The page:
34. When businesses and marketers were surveyed, 89% of the respondents said that they plan to either increase or maintain their inbound marketing budget. [21]

35. In a survey of bloggers, 65% of them reported that they had either product or service for sale and attribute their sales to their blog posts. [36]

36. In a survey of bloggers who are earning revenue, 74% of the respondents were selling digital products and 52% were selling services. [36]

37. Organic leads that were attributed to content were 850% more successful than outbound leads from direct marketing. [37]

Now, I’ve been a blogger and content marketer for years, so I can’t say that I doubted the efficacy of blogging. I do know that a lot of people I’ve talked to, particularly businesses looking to start a blog, have doubted it. Hopefully, this accumulation of facts will help you convince yourself or others, just like they’ve helped me convince my clients.

Blog Popularity and Usage Facts

We all know that blogging is a flooded market. There are tens or hundreds of millions of blogs out there in every conceivable industry, publishing content at a rate of millions of new blog posts per day. Blogs are, arguably, the single most widely-consumed media format in the history of humanity. It would be exceedingly difficult to find a human who has access to the internet and who hasn’t read a blog post this week.

Popularity of Blogging

This daunting crush of content can be demoralizing when you realize how much of a demand on user attention there is. How can anyone hope to compete when there’s so much going on out there? It even makes you appreciate Google all the more, for the job they do in indexing all of this content and serving the best, most relevant answers to any question you could want to ask.

Of course, not all of that content is in any way competing with you. How much of it is a foreign language, aimed at an audience you would never reach? How many of them are low-level personal blogs meant solely for the friends and family of the author? How much of it is community-focused, highly relevant to a small geographic area and nowhere else? It’s all out there, but the numbers reveal the truth. Read them and be astounded, but don’t be disheartened.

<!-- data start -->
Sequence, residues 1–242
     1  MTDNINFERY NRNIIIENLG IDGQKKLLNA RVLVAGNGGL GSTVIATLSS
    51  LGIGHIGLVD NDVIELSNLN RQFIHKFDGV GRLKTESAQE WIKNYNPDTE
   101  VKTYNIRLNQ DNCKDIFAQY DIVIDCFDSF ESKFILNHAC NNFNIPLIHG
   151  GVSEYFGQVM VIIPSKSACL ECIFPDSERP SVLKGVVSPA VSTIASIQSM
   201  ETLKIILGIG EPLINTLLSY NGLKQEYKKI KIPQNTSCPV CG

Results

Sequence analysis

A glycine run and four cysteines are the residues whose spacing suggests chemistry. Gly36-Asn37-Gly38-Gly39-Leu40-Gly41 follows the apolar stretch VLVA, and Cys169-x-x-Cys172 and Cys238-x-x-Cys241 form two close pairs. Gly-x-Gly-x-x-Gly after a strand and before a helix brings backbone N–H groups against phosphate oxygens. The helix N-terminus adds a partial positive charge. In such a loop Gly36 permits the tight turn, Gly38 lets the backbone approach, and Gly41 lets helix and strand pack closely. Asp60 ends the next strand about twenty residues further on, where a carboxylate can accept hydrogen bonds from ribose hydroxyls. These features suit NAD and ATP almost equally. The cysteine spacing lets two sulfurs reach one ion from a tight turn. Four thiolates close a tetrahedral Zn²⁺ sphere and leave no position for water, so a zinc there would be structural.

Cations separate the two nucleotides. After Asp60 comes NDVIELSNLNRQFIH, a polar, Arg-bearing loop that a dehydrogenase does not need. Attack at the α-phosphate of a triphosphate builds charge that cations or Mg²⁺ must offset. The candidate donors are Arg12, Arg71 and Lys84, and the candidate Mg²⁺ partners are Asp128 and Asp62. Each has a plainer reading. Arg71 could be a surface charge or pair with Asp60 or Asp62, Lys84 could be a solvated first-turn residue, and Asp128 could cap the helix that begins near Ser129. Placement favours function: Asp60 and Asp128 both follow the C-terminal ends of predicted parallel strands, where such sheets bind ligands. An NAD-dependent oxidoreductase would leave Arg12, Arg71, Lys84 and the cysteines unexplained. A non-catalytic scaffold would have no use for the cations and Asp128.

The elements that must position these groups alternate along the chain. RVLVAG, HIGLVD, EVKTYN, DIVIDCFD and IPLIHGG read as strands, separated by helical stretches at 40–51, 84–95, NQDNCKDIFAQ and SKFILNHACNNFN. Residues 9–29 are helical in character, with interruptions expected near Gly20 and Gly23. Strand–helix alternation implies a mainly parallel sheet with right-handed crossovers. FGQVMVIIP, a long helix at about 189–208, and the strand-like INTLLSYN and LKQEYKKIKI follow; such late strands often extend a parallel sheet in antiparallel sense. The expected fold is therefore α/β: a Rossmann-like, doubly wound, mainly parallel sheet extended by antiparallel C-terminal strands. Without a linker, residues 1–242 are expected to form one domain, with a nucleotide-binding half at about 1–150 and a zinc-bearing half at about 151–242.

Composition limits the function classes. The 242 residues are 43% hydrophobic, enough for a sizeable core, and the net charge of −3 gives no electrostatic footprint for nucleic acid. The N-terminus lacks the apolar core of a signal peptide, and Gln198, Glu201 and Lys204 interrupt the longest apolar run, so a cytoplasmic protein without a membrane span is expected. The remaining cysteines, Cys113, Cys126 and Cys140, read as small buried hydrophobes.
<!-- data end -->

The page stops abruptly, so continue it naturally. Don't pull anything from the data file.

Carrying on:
1. In a survey of internet users who are between the age of 19 and 29, 47% of them reported that they read blog articles regularly. [38]

2. Out of hundreds of millions of blog posts that were studied, there are more than 80 known languages that are utilized. [1]

3. The business of content marketing and blogging is projected to grow at a rate of 16% each year. [4]

4. Around 10% of individuals in the United States, or 31 million people, consider themselves a blogger in the year 2020. [4]

5. Every month, WordPress, the world’s most popular blogging platform, has more than 20,000,000,000 blog post views. [39]

6. Marketers have been publishing fewer blog posts in the past several years. In 2014, bloggers reported that they published several articles per week, but today, several articles per month are more common. [16]

7. In a SEMRush survey, marketers reported that their favorite type of content marketing was blogging. [40]

8. In the United States, internet users reported that they spend 300% more time reading blog posts than they do checking their email. [41]

9. In a survey of regular internet users, 65% of them reported that they read blog posts every day. [42]

10. The world’s first blog came to life back in 1994, and the owner still publishes content on it to this day. [43]

11. As of 2021, over 409 million WordPress users view over 20,000,000,000 blog posts and pages on WordPress sites every month. [39]

12. At least 3 out of every 4 internet users read blog articles regularly. [44]

13. More than 7 million blog posts are written and published each day – about 85 posts per second. [45]

14. The content marketing industry will surpass a total worth of 400 billion dollars in 2021. [46]

15. Tumblr alone has over 441 million accounts registered of users with unique blogs. [47]

The planet is closing in on eight billion human beings alive at the same time, with plenty of open space still left to expand. It’s incredible to see the amount of creativity, the amount of time and energy, and effort, all spent on the digital sphere. Blogging is perhaps the single most popular and most consumed media format in human history, and it’s hard to picture anything edging it out without massive shifts in culture, language, and technology. Maybe VR content, one day, but even that I doubt. What can surpass blogging in simplicity, ease of access, low barrier of entry, and easy consumption?

SEO and Marketing Facts

Google does a phenomenal job at indexing, processing, and serving up content from billions of websites, for every conceivable query in nearly every language. It’s astonishing to think about the technological feat they’ve accomplished, and it’s hard to begrudge them their domination; who else could even muster the resources to compete?  That’s not to say their monopoly is good, or that it should go unchallenged – Bing, DuckDuckGo, and others are certainly trying, and good for them.

How Blogging Helps Your SEO